Non-payment insurance (NPI) policies are contracts issued by insurance companies to institutions seeking a form of credit risk mitigation for their third-party liabilities (such as obligations under a credit facility). These policies constitute unfunded, uncollateralised credit protection that provide full recourse to the insurer for the insured sum.
In this article, we discuss in particular:
- How NPI may qualify as a form of financial guarantee under the Capital Requirements Regulation 575/2013 (CRR); and
- How NPI compares to other forms of unfunded credit protection such as credit default swaps (CDS).
- The application of non-payment insurance (NPI) has been extended to provide cover on complex, specialist structured financial risks.
- NPI may qualify as a form of credit risk mitigation (a financial guarantee) under the Capital Requirements Regulation provided that the relevant conditions thereunder are satisfied.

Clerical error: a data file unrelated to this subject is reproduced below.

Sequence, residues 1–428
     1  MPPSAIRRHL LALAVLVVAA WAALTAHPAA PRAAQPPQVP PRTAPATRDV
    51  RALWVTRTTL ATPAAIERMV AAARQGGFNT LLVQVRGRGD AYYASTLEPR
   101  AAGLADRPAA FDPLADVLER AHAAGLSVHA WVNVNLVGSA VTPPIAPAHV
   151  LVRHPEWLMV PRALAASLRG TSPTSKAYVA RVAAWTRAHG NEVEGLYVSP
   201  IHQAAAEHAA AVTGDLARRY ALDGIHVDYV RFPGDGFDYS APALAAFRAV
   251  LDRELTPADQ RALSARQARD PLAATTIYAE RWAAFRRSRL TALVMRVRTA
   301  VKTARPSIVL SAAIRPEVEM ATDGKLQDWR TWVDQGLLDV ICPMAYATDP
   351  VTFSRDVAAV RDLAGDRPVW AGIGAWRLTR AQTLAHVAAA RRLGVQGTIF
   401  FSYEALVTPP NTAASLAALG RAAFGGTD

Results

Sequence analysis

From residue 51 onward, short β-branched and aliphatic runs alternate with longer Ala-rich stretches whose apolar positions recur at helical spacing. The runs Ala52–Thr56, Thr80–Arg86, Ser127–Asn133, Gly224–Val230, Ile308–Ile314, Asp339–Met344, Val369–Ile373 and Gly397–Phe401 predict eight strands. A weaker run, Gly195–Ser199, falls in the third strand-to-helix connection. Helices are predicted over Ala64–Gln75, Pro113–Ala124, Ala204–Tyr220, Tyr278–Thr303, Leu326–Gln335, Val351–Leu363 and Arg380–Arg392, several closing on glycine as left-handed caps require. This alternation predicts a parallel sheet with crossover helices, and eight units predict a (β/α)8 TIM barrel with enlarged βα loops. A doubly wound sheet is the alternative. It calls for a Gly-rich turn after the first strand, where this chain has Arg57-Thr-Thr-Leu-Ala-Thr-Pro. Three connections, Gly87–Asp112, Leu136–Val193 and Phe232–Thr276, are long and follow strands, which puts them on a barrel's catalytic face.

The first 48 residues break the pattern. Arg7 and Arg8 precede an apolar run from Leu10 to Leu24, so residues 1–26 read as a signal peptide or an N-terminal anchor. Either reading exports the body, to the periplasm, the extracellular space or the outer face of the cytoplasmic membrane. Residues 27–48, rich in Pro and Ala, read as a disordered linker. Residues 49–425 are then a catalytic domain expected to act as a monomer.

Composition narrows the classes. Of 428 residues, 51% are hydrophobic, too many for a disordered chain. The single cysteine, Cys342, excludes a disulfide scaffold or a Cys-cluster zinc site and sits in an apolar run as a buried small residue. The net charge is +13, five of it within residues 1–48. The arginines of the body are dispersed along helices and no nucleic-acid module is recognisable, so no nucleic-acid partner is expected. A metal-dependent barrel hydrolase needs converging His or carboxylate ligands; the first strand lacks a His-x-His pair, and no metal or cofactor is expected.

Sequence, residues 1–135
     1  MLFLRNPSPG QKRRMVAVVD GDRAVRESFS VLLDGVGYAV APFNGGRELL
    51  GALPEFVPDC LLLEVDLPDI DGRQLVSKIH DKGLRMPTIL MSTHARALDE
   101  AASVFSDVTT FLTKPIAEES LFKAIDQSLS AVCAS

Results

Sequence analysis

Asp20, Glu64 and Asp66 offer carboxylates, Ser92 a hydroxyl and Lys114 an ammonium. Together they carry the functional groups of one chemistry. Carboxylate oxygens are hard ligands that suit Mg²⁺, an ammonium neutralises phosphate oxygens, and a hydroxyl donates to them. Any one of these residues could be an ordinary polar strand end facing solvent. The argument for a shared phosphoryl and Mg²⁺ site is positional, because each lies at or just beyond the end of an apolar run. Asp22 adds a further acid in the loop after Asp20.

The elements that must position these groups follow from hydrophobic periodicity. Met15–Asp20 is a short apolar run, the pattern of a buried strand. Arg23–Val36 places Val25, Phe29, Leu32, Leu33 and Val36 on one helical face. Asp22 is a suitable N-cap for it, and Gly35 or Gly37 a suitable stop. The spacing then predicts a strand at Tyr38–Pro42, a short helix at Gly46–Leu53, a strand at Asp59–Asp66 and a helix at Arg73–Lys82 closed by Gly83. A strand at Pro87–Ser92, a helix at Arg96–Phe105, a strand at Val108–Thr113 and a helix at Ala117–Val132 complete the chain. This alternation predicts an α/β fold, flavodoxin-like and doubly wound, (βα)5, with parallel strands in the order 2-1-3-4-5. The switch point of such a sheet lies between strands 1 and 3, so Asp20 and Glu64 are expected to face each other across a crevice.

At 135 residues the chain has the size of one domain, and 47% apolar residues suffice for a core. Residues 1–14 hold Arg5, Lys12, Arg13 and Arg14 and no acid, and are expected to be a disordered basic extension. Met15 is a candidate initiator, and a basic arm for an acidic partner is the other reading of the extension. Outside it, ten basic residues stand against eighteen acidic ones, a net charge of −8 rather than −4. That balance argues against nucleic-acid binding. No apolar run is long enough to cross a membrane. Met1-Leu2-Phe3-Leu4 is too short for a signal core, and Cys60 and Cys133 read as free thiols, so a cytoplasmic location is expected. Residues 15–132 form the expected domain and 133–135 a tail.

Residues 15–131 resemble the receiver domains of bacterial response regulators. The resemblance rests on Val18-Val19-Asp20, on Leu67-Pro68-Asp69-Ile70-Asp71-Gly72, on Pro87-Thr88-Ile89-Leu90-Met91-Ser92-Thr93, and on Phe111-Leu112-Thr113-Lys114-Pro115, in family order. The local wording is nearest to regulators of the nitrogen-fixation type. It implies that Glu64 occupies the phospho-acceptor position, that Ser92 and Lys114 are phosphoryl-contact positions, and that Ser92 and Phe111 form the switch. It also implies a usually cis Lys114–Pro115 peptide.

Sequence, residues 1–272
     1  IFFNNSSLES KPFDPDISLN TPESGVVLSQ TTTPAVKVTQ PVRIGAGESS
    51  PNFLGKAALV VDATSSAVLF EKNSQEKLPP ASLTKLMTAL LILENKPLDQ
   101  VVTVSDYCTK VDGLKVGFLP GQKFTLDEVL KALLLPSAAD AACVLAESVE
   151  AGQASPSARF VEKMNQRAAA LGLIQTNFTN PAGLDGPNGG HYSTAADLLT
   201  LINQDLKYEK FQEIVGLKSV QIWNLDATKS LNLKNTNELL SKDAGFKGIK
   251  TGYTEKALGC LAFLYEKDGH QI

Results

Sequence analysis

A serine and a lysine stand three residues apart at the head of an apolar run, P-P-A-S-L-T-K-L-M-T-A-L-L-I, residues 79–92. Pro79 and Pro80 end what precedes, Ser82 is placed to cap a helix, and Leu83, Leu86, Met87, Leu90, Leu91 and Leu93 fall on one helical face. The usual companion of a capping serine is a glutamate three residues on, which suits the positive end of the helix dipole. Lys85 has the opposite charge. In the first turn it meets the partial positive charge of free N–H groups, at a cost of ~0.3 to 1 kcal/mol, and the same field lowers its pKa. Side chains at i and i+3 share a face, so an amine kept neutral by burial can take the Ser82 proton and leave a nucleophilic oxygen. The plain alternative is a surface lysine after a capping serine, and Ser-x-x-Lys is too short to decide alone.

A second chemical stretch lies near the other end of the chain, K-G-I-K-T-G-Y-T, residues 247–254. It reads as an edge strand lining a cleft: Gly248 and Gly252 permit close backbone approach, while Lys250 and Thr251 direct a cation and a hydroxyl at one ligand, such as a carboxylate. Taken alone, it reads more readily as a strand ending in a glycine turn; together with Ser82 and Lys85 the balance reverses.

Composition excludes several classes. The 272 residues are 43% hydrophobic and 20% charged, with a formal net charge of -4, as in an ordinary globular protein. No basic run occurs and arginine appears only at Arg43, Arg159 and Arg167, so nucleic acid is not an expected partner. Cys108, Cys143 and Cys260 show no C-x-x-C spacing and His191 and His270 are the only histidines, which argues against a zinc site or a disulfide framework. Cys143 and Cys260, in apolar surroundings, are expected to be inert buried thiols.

- Whilst NPI policies may not be as readily available as Credit Default Swaps (CDS), they may provide equally tailored coverage and coverage in circumstances where there is no readily available liquid CDS market.
Click here to download a full PDF version of Non-payment insurance: a regulatory capital solution.
This article was first published in Butterworths Journal of International Banking and Financial Law.
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